2. Several security measures were agreed to realise a research data set that can no longer be traced to a particular firm, specific client files, individual auditors, or employees. In case of large scale quantitative research, such identities are not always important: researchers look for patterns based on large quantities. This involves the following security measures:
  3. o Firms primarily anonymising their own data. Data can no longer be traced thanks to an encryption application.
  4. o Thanks to strict data management procedures, like the transformation and calculation of derived research variables, the FAR is also eliminating indirect traceability.
  5. o Remote access for academics. This means researchers often do not physically receive the data, but can only analyse them in a secure FAR environment to which they must log in (but no data can be copied or exported from this location).
  6. o Confidentiality checks by the FAR on all draft publications prior to release.
  7. o And of course, possibly most importantly, non-disclosure agreements (NDA’s) as ‘base line’ with all involved researchers. Under normal circumstances, the latter is often sufficient, but, when it comes to the FAR, where collaboration takes place with ten firms and dozens of researchers, a great deal of structuring and organisation is necessary.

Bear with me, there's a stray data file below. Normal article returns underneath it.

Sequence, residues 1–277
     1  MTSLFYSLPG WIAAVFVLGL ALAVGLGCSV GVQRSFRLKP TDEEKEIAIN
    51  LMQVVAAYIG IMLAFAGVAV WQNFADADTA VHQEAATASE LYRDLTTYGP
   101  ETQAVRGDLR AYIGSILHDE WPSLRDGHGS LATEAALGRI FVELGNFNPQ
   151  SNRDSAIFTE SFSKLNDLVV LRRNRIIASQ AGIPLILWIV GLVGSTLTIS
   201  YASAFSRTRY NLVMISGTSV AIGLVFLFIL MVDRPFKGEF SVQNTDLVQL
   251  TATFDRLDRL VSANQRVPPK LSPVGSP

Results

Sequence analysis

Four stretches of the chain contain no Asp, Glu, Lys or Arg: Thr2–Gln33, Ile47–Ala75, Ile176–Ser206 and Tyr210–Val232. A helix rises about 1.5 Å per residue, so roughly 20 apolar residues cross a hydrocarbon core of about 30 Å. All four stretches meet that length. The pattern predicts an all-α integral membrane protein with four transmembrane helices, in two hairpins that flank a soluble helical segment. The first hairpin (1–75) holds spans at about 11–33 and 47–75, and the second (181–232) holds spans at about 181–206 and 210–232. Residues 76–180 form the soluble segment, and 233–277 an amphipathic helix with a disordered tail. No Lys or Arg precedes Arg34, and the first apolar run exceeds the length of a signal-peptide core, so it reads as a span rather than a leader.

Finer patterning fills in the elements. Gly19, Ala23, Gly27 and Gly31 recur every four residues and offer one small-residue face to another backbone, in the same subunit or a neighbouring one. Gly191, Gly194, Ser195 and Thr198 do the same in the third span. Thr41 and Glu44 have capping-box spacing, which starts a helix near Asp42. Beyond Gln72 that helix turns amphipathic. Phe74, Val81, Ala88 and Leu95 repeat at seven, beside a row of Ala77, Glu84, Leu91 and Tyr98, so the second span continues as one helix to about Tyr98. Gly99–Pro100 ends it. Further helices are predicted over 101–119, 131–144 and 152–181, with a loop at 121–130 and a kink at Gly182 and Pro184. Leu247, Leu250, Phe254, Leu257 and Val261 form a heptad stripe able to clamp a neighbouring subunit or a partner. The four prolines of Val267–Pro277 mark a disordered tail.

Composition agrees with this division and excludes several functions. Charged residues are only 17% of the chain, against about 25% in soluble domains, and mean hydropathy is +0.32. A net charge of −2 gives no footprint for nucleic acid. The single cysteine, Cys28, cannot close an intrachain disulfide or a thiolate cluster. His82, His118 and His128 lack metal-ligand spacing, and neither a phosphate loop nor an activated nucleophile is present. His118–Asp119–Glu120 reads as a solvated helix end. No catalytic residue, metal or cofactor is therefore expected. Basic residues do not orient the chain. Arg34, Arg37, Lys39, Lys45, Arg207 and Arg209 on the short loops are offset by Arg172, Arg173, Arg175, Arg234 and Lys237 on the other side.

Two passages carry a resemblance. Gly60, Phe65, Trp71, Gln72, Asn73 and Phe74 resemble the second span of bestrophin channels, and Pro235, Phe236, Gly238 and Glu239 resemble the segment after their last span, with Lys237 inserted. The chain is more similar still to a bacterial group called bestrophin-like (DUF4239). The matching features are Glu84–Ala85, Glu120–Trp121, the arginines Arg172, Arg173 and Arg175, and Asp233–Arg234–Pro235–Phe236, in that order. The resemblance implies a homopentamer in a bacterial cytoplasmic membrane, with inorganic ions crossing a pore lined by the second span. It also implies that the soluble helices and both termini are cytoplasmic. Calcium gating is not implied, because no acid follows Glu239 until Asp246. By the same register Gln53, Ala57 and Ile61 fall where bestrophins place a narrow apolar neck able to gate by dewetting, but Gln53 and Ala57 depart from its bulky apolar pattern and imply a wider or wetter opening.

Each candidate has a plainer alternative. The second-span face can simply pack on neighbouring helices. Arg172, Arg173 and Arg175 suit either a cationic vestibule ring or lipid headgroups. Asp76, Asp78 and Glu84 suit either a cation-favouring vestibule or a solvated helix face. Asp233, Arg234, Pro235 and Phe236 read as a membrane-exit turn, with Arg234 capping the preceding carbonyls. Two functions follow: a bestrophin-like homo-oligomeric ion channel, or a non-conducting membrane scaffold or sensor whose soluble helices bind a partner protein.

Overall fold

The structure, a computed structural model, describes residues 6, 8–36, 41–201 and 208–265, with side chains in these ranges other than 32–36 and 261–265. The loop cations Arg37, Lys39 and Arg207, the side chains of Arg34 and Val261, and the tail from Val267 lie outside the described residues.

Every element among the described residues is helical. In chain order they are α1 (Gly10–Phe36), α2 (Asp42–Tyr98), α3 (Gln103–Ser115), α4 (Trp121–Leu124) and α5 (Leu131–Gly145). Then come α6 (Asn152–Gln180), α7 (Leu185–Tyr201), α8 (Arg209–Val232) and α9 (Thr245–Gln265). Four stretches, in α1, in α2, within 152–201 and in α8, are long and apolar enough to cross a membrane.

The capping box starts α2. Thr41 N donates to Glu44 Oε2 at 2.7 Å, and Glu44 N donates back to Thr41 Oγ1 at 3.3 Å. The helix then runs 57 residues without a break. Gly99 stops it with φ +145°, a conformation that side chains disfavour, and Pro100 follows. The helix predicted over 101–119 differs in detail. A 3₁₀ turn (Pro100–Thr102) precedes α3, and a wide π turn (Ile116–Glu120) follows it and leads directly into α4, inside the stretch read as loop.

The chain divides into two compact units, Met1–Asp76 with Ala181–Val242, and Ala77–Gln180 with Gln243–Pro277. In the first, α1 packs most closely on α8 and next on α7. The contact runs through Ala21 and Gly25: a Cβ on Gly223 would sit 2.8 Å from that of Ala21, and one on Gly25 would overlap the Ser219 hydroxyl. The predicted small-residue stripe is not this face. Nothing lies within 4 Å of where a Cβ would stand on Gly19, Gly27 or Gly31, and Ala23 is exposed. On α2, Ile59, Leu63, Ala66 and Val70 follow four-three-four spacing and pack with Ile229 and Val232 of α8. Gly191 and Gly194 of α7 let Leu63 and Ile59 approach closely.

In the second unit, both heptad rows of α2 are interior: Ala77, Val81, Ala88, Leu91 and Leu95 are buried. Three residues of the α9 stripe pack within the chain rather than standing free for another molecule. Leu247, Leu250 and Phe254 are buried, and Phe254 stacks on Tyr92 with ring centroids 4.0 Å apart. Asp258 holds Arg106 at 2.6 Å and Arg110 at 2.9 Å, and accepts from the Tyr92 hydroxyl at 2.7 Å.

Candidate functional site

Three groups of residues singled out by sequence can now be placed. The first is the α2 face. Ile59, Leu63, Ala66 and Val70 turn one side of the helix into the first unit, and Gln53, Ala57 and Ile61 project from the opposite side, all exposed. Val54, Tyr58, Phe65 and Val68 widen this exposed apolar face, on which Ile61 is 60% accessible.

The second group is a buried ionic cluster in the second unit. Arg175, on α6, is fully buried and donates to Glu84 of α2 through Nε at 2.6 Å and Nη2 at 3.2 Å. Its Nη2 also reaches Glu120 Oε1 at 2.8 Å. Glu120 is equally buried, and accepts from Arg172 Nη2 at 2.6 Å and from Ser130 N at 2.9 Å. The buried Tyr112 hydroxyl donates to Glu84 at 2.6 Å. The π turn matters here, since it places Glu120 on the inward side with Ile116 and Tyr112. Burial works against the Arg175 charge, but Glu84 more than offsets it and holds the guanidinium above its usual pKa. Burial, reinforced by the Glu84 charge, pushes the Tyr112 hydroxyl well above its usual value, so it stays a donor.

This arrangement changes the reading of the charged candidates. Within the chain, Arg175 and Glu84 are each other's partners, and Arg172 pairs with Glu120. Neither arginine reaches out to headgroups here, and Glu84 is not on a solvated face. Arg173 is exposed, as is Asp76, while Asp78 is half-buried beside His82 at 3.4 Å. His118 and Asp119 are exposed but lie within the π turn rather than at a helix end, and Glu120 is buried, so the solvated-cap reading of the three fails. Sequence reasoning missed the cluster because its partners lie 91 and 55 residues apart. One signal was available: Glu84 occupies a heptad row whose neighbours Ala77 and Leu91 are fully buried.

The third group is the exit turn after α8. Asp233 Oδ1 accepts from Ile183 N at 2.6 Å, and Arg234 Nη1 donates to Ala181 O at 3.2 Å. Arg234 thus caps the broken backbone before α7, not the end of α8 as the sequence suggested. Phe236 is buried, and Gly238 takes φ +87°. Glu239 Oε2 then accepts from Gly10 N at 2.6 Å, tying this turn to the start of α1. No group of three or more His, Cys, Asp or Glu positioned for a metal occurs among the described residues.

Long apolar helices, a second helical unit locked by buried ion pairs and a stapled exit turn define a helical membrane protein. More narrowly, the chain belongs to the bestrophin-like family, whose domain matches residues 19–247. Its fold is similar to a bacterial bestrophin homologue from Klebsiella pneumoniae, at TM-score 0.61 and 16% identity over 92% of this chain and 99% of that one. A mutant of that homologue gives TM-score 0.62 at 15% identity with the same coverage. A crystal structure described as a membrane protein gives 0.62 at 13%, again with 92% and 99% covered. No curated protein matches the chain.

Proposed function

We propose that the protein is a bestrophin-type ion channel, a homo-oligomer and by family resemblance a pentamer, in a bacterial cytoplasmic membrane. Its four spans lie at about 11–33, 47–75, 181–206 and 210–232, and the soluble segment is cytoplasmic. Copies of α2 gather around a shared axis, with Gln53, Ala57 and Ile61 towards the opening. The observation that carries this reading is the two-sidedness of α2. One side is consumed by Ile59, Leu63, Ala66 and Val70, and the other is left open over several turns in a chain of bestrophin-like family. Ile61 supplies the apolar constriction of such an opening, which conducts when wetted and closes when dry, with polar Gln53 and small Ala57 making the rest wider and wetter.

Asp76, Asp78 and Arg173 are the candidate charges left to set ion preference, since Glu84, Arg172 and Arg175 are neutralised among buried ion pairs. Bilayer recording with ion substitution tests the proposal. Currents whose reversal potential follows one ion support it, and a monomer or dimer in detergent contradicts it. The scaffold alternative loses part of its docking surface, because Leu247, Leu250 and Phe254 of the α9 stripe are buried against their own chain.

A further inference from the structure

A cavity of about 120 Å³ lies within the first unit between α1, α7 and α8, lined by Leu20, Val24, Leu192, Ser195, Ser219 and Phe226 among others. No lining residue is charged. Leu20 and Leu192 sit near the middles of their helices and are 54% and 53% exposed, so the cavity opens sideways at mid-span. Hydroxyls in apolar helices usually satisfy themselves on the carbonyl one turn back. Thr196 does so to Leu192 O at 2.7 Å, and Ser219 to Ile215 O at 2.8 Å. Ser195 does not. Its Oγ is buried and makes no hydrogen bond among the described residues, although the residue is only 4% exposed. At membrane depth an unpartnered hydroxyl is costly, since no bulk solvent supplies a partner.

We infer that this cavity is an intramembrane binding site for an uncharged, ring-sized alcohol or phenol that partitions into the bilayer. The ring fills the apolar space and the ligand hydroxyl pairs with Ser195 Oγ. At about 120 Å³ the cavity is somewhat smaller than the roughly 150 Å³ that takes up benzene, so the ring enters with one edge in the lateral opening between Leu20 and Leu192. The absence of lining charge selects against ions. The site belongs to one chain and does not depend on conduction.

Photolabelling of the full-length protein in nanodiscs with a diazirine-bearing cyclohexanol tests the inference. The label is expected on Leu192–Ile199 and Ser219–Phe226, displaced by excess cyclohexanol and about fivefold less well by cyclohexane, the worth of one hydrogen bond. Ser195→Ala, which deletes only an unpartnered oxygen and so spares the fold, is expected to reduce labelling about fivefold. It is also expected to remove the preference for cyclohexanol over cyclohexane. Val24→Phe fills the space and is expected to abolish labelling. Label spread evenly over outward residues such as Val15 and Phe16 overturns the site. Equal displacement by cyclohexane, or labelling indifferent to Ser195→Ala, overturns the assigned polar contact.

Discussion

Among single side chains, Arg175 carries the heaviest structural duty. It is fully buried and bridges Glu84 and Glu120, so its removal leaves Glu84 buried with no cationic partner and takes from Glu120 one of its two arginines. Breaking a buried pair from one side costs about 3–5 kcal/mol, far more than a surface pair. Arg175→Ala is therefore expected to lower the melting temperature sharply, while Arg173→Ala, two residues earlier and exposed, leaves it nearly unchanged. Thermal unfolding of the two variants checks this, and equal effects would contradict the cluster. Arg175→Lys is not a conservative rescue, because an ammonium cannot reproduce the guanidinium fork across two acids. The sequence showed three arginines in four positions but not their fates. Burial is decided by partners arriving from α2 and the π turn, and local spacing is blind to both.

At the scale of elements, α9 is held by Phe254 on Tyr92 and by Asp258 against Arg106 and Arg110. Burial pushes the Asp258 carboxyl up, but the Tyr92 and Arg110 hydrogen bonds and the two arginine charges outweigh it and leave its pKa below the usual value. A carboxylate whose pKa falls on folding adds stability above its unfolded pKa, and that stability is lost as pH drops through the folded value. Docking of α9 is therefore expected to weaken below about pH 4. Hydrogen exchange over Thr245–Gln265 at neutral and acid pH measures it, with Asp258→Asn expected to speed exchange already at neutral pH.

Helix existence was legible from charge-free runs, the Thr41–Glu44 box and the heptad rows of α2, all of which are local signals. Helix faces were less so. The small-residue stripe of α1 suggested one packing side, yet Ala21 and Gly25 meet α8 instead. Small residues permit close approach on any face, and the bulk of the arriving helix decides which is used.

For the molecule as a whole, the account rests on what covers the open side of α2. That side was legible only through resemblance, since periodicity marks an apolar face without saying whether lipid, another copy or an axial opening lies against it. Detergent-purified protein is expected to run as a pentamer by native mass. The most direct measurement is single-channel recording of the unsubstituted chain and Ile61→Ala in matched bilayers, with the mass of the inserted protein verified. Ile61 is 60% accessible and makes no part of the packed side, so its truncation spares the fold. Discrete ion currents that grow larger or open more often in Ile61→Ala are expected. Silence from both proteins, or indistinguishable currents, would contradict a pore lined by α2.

8. 3. Structured and reliable access to research data – the best part of 2017 was needed to find and learn from this data gathering process, in close collaboration with firms, research teams and the FAR. Besides questionnaires, experiments, case studies, and interviews, the FAR is also explicitly focusing on ‘archival data’: research data from audit files, the (financial) records of audited firms themselves, personnel files, and quality assurance systems. All parties realise that many cases are involved (for example, 500 audit files per year, spread pro rata across ten firms) and that many variables/information points are needed. An important finding, in relation to the required audit files, is that a lot of data is heavily secured and is difficult to access due to confidentiality-related regulations. An important finding in relation to the requested information points is that they must be defined unambiguously. Even so, major measurement differences could still be encountered between the ten firms and must be resolved by researchers. These data are often also collected from several systems (which must be connected to each other), or must be obtained from audit teams via an additional information request. It was necessary to learn how to collect such rich and in-depth data in a structured manner, and to arrange the internal organisation accordingly. This was already a challenge for structured, digitally available data, let alone for unstructured information which must often be collected and registered via requests to audit teams or even manually.